What I Ate: Sicily

I’ve been saving this post in excitement because this was honestly like the best part of the trip. Just enjoying delicious food every day!!! When me and Sam were talking about this trip, the only thing we both really cared about experiencing was local cuisine. When in Italy, what else is there to do but eat! Just kidding, there are lots of other things to do. But food is one of the major things we were excited about. As avid foodies here in Madison, we knew trying local food and different dishes would be a highlight for both of us. And it certainly did not disappoint.

Although there are many similarities between Italian and Sicilian food, there are some major differences as well. Sicily is rural and agrarian in many areas, and the arid but fertile landscape makes it a unique place for growing. Pistachios, lemons, fish (mainly Tuna, Swordfish, and sardines), olives, tomatoes, and cheese are staples in many dishes. Wine is served at almost every meal and they make a variety of different types on the slopes of Mount Etna (see my post about the Gambino Vineyard from a few days ago). The ingredients in so many dishes are local and fresh, and many of the pastas a handmade in the restaurants. This high quality of ingredients really sets up the base for all of the dishes. Most meals consist of an antipasti, primi course (usually pasta), secondi course (meat or fish) and a dessert course. Since meals are meant to last a long time, you have time to digest all the food! It is not family style dining, so most people order one of each course. I couldn’t really handle that amount of food, so usually we shared an antipasti and primi then ordered individual secondis, and went out for dessert after a long walk.

I can’t describe all of the amazing things that I ate during the 2 weeks, but there are a few that really stand out. For savory dishes, I was incredibly impressed with all the pistachio dishes. Pistachios are not really a nut that American’s cook with and I only associated it with snacks prior to this trip. But I had some incredibly delicious pistachio pesto, including on a pizza and tossed with noodles. They sweet but smooth texture of the nut makes it a great vessel in add flavor. It was often crumbled over dishes as well as garnish, similar to how we use pine nuts.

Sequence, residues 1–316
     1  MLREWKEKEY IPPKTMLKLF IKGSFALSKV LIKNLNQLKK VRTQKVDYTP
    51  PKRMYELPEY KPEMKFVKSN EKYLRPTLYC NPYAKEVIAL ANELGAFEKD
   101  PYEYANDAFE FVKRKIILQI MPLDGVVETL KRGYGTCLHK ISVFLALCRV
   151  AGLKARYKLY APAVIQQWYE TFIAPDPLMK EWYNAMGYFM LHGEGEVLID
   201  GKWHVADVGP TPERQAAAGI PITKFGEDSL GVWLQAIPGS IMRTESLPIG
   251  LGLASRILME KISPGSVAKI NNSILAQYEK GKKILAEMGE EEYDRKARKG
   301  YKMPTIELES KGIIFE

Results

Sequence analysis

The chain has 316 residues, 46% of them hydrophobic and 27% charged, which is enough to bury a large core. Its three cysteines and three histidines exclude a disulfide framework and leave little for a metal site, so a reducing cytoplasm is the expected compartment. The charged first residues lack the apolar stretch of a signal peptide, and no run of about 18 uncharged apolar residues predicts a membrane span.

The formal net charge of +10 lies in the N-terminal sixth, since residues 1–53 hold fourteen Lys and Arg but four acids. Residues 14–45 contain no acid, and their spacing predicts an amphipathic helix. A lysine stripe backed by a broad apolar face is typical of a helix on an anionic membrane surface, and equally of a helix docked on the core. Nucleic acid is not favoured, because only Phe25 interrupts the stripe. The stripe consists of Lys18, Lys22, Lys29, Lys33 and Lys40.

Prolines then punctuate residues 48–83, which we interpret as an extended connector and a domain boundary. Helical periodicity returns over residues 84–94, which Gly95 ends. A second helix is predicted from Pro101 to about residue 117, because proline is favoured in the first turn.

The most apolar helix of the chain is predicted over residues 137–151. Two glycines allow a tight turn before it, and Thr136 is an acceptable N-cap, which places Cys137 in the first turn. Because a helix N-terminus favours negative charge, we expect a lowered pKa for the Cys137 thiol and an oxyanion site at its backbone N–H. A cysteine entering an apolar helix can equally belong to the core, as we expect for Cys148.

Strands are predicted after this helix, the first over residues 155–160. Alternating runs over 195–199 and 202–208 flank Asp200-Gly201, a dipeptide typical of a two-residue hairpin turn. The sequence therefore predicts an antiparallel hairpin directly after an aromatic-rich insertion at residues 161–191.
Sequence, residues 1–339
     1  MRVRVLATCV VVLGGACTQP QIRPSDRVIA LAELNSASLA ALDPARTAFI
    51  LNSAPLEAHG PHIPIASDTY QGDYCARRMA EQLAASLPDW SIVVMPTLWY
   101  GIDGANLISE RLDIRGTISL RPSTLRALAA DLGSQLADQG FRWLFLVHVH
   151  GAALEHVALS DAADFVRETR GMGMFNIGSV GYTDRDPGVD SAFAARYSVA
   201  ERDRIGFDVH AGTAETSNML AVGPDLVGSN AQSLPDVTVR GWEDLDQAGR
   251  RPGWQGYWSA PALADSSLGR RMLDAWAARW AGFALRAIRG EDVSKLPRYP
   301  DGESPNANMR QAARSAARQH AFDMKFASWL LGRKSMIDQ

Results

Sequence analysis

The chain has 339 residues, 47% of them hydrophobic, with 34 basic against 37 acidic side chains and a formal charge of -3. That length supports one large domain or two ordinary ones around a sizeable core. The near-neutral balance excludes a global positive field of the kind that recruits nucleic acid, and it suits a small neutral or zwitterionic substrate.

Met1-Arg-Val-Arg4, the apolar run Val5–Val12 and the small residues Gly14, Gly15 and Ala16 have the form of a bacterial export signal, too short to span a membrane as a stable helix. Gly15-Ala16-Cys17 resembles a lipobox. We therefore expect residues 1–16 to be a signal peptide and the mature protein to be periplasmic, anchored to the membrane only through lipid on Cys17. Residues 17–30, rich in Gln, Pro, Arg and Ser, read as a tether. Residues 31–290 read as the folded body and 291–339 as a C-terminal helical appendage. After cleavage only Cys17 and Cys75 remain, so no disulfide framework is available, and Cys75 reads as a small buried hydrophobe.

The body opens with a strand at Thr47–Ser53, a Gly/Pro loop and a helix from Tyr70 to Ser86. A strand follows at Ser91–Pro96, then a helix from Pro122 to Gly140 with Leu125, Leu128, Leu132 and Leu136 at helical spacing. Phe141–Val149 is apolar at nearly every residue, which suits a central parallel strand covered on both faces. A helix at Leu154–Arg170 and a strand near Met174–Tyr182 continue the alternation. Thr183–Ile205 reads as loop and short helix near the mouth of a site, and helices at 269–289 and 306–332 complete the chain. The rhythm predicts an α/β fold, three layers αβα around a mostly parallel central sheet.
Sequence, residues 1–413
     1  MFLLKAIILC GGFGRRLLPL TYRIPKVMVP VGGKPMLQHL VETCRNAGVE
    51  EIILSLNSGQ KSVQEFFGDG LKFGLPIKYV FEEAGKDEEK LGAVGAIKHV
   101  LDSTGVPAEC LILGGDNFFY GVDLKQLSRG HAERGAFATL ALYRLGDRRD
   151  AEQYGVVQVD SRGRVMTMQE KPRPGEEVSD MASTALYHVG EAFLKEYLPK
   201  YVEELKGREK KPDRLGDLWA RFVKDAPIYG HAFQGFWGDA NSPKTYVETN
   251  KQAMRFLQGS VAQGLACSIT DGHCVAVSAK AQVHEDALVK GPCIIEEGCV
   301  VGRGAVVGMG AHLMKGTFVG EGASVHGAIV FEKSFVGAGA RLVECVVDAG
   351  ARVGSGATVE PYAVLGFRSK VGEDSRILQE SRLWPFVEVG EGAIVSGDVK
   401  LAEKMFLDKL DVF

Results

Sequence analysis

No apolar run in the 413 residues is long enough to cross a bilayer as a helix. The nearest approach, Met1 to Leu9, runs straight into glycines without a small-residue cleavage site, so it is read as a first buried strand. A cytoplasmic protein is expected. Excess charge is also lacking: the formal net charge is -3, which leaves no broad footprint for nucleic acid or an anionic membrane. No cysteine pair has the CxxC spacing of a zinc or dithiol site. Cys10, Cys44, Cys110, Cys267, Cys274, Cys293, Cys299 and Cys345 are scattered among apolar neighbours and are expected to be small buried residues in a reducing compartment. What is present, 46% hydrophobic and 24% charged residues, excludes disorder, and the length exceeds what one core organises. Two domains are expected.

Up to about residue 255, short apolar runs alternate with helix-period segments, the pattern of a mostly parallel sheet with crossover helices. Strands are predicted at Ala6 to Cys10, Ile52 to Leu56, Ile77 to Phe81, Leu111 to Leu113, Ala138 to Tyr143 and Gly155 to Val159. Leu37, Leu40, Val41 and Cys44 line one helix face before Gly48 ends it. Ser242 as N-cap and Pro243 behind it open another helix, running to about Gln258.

Cappuccinos were an every day thing. Usually multiple times a day. And I couldn’t believe how much variety there was! We had some that were very strong and bitter with the flavor of the espressos. Others were very frothy from the milk. Others were sprinkled with chocolate sauce or cocoa powders. And then there were the sweetened desert cappuccinos. Italians take their coffee very seriously. And espresso is no joke here. It is strong! Many Italians only order espresso and drink them in one quick shot while standing at the bar. All coffee drinks are served at drinking temperature, unlike in the US where it is too hot to drink at first. Personally, I loved this! My need for instant gratification was well served by Italian bistros.

Cheese is another huge staple, much to my delight. Their array of cheeses are incredibly different than those found in Wisconsin. Most of the cheese are sheeps or goat milk based, rather than cows milk. The texture is softer and smoother, but has a more noticeable taste. Most of the cheeses are made fresh and are super soft. Mozzarella, chevre, and truffle cheese were very popular. Harder cheeses such as parmesean and pecorino are common on cheese plates and in sauces.

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Author: Megan Arz

I am a travel and food obsessed Midwesterner living in Chicago and dreaming of the world. I work as a full-time program manager for Greenheart Travel, but I am also committed to integrating the travel lifestyle into my every day routines. I am passionate about ethical travel, meeting new people, creating unique memories and eating local cuisine!

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